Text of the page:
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Creating a Feast for the Senses With Mentor Texts
|Grades||3 – 6|
|Lesson Plan Type||Minilesson|
|Estimated Time||Two 60-minute sessions|
Saint Joseph, Missouri
- Learn to recognize examples of sensory writing in published texts
- Create their own sensory writing by using published texts as a model
- Practice revision in student texts not their own and then apply that process to their own writing
- Show students Dogzilla by Dav Pilkey (or another book you have selected). Tell students that you are going to read them a book you love that contains high-quality writing. Tell students that even though this book has great illustrations, after you read each set of pages you want them to pay attention to the pictures they have in their heads or anything they hear or feel in their imaginations before you show them the book’s pictures. As you read, pause after each set of pages to hear student responses before showing the illustrations. Read through the entire book. Allow students to briefly give their initial reactions to the story before going on.
- Tell students that you are now going to reread the book and that they are going to investigate the book with you for examples of words and phrases that help us as readers to visualize and create sensory images. If necessary, define and review with students what sensory images are.
- As you read through each set of pages, stop and ask students if there were any examples of words or phrases that helped them to see, smell, taste, hear, or feel the action. Write student contributions on large chart paper for an anchor chart or model writing on an overhead copy of the Write Like… Handout.
- After you have reread the book (or at least several pages) and have collected several examples of sensory writing, tell students that they are going to have the opportunity to investigate more books for examples of sensory writing.
- Pass out a picture book to each student or pair of students along with the Write Like… Handout (see Mentor Texts for Sensory Images for text ideas). As students are working, circulate to make sure they are able to identify appropriate examples of sensory writing. Check that students are able to identify examples of sensory writing beyond just sight and that they are quoting these examples accurately on their papers.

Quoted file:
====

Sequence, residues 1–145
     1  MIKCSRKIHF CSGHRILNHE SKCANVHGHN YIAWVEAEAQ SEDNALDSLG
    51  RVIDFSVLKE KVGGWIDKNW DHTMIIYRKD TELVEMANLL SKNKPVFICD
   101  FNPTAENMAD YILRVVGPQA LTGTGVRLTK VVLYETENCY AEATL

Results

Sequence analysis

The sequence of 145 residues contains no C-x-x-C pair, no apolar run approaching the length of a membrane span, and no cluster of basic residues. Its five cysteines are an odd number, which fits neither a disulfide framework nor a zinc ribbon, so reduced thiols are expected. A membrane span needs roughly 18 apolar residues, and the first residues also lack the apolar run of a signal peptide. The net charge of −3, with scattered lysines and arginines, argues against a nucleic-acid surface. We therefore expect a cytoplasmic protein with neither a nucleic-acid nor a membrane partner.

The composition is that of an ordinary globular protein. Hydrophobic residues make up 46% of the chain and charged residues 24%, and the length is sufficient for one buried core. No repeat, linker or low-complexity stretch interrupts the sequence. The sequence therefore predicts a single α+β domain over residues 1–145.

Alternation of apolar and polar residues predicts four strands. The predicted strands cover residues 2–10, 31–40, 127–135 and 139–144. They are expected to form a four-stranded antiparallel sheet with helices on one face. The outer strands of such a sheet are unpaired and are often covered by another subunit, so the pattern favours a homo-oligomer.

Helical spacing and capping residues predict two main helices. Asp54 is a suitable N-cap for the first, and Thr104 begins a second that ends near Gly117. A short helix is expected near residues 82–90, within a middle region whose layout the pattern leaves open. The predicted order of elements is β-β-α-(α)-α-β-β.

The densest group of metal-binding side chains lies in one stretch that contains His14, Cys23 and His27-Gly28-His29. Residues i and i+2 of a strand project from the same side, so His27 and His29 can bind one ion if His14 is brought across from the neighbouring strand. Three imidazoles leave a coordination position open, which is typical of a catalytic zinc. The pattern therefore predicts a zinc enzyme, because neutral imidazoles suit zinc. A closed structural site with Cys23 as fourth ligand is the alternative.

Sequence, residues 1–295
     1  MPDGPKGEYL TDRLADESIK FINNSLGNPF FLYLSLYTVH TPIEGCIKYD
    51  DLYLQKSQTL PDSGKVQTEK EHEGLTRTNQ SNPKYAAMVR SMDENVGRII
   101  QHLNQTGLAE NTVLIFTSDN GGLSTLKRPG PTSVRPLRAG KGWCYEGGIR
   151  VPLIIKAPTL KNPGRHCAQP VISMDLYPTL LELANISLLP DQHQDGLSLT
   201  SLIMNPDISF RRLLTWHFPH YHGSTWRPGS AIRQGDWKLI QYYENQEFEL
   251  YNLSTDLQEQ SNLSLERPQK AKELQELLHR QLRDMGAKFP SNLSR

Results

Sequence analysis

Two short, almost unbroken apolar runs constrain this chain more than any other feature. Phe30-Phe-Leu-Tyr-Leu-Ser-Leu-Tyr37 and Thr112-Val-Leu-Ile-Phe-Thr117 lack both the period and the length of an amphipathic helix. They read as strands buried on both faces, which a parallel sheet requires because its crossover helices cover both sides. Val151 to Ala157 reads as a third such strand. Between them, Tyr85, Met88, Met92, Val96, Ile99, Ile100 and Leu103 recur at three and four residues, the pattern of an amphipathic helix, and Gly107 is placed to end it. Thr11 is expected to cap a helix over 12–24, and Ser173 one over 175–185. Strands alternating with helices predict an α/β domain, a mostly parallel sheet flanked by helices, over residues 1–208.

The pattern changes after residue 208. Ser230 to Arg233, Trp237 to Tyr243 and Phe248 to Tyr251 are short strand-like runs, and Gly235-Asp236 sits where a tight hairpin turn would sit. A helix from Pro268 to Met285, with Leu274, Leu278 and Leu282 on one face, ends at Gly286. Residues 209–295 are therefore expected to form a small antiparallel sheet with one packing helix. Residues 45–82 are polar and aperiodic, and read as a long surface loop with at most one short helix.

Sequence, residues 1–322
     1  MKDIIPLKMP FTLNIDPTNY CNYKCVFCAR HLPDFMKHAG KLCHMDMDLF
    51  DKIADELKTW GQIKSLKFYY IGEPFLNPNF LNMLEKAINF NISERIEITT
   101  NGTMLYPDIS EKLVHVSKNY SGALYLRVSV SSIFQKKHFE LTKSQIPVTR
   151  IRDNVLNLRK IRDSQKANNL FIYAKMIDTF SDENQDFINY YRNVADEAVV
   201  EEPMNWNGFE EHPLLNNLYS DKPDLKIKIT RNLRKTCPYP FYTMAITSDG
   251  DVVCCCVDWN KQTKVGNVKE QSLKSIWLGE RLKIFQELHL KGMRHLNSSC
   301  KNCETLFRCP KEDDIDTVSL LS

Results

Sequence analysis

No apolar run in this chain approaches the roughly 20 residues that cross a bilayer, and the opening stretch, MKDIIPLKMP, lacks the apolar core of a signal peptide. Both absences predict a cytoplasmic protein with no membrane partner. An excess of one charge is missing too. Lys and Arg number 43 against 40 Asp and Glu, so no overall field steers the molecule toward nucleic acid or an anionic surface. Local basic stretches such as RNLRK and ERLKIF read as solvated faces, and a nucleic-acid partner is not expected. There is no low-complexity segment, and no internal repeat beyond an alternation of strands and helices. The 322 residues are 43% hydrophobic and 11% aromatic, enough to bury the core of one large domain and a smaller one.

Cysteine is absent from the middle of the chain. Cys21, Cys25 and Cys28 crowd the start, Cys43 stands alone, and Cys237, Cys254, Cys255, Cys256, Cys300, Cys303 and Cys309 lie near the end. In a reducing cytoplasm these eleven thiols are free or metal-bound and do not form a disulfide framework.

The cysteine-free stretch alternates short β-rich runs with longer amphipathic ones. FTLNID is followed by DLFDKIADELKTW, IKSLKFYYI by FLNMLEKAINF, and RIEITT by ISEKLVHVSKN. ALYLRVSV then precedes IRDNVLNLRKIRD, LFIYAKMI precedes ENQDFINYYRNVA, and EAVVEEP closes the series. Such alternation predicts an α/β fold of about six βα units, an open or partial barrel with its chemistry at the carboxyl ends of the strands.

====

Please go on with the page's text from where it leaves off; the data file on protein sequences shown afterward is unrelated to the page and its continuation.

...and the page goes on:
- For students who are struggling, ask them to find examples by one sense at a time. You might suggest that students read the entire book looking for examples of sensory writing that involve sight, and then if they are successful with that, you can lead them in rereading for another sense.
- Allow students to share books that they read and samples of sensory writing they found. Add samples to the anchor chart created for Dogzilla.
- At this point, you can continue to allow students to explore books, filling out a new Write Like… Handout for each new book, regardless of whether or not they are looking at a new author.
- Begin by reviewing the sensory writing from the previous session and reading the collected examples of sensory writing from the class anchor chart, and pass out photocopies of student writing obtained from Writing Scored Student Work–Grade 4.
- Tell students that they are going to add sensory writing to these student drafts. (Working with someone else’s writing is a risk-free way to allow the students to practice with creating sensory images.) Allow students to work in pairs or by themselves.
- Allow students to share examples of how and where they added the sensory writing.
- Tell students that now they will be looking at their own drafts to revise for sensory writing.
- Make sure students again have access to pictures books and their Write Like… Handout from the day before to use as resources.
- Hand out and go over the Revising for Sensory Images Rubric. Explain to students that this is what you will use to evaluate their work. If you would like, you can give students the My Revising for Sensory Images Checklist so that they have a written guide of what is expected and can evaluate their own work before turning it in.
- Once students have finished their revisions, allow students to share examples of how and where they added sensory writing to their own drafts.
- As students continue to collect examples of sensory writing in other writing sessions or in reading, allow them to write their examples on the class anchor chart(s).
- When students are able to find certain authors whose books they enjoy using for mentor texts, they can begin to investigate author websites to learn more about the author, the author’s other books, and the author’s writing process. The Mentor Texts for Sensory Images handout also includes website information.
- Use the ReadWriteThink Printing Press to publish the examples of sensory writing that students find in texts as well as examples of sensory writing from their own work. The flyer templates will work for collections of sensory writing. Students might use the booklet template to create a collection of sensory writing.
- Use either the ReadWriteThink Flip Book or Stapleless Book to publish the examples of sensory writing that students find in texts as well as examples of sensory writing from their own work.
- Collect and assess the Write Like… Handout that students used to record examples of sensory writing from published texts. Make sure students are choosing quality examples of sensory writing and are using the handout correctly.
- Collect and assess student drafts and final copies after revising for sensory writing to compare before and after.
- Assessment can also be done formally using the Revising for Sensory Images Rubric to evaluate student’s own writing after revision. The My Revising for Sensory Images Checklist can also be used by students as they work. Teachers can assign point values to either of these handouts if desired.